The keyword here is "red flag" when it comes to possible collision damage during a storm. Collision being with other boats and/or pilings, seawalls, etc. - anything hard and non-moving.

- - So the "extra" needed is to look behind the interior furnishings and inside any compartments that have access to the inside of the hull. Look for cracked (usually color changes from orange-brown to white) tabbing, bulkhead joints, floor joints, and interior surfaces of the outer hull.

- - Since FRG boats are made from fiberglass, they are flexible and the hull will flex or oil can when a collision happens. Cracking or separation of internal parts of the boat can frequently happen. So it is wise to spend some time looking "behind" and "inside" things to see if there is any evidence of collision damage.

- - Also stand back outside and look down the surface of the hull just a few degrees off parallel and see if there are any dents or irregularities and the curved shape of the hull. Most collision damage repairs are not "perfect" and will show up when looking longwise down the hull surface.

- - Same thing on deck, look at the toe rail area and see if there are any obvious patching and repairs along with excessive "spider cracking" in the gelcoat. If the deck of such a new boat is painted rather than plain gelcoated, that is a good indication of significant hull collision damage.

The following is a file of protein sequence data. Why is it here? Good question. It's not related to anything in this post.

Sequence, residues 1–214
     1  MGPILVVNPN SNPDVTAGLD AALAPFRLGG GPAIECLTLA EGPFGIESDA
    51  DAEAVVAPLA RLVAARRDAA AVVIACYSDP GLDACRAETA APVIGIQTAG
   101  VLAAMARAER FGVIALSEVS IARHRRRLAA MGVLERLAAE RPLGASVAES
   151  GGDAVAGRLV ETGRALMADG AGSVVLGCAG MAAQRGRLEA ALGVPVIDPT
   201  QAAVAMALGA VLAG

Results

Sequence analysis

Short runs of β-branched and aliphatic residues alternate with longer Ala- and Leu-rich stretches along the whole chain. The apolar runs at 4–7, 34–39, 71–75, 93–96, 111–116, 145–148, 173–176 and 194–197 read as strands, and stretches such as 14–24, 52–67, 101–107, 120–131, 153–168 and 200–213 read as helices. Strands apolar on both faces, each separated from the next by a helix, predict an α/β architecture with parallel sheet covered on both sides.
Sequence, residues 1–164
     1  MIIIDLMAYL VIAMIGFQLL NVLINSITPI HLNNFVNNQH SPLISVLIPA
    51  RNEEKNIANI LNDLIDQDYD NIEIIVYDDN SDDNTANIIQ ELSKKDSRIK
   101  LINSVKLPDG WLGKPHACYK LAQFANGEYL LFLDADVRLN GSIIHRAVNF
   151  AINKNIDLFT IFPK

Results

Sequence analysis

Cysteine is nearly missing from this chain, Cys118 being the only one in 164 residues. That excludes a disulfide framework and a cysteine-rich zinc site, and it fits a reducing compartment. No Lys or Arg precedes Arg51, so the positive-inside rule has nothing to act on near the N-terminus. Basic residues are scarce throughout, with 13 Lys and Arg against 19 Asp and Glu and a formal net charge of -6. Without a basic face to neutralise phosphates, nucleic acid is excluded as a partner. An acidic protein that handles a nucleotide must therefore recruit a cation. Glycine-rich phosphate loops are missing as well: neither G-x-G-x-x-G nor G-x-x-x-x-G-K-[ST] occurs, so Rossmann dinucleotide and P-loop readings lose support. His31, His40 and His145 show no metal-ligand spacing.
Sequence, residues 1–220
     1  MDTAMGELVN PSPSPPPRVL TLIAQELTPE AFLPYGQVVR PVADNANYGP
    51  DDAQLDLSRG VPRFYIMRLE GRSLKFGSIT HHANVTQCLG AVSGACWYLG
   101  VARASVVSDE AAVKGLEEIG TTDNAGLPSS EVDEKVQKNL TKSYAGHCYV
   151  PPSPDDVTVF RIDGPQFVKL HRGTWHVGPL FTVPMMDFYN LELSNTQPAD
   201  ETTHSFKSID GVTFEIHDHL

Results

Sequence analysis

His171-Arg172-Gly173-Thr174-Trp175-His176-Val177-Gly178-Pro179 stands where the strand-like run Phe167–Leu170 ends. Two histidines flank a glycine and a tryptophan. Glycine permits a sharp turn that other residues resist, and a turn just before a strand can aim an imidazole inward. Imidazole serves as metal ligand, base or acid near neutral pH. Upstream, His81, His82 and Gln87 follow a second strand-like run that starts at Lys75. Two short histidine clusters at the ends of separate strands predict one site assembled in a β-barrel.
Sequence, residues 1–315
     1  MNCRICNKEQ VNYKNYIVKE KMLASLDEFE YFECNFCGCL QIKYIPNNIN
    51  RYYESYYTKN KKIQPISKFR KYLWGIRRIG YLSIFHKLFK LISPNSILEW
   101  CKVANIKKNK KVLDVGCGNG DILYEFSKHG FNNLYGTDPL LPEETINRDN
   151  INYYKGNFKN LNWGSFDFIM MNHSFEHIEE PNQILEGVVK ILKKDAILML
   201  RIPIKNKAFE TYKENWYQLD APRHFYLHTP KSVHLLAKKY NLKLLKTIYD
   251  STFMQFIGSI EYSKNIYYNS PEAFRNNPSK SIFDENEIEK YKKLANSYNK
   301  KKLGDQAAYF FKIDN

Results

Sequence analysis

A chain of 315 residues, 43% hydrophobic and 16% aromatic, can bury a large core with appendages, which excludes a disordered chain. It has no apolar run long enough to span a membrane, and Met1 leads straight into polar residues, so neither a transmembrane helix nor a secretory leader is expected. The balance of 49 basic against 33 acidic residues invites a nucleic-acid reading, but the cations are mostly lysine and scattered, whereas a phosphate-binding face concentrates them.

- - So as others have said, you can find some really good buys/opportunities in storm damage areas as a surviving boat carries a "stigma" of being in the storm but, in fact, it survived will little or no damage. On the other hand, you cannot alone trust that so you should do an extra careful examination/survey to be sure.
I might add; if it's a CORED HULL you may not find any interior damage. If the gelcoat were damage and exterior cracking occurred then that maybe the reason for the paint job. A little oil canning on the exterior will not show up on the interior.

I would go around the toerail with a 'fine tooth comb' and look for signs of cracking or filler. And take a little plastic hammer with you. A little tapping on filler will have a more solid sound, if it's cored.

But it comes down to what you are going to use the boat for (coastal vs off shore). If it were an off shore boat the chances are it faired well. As a live aboard I wouldn't worry too much.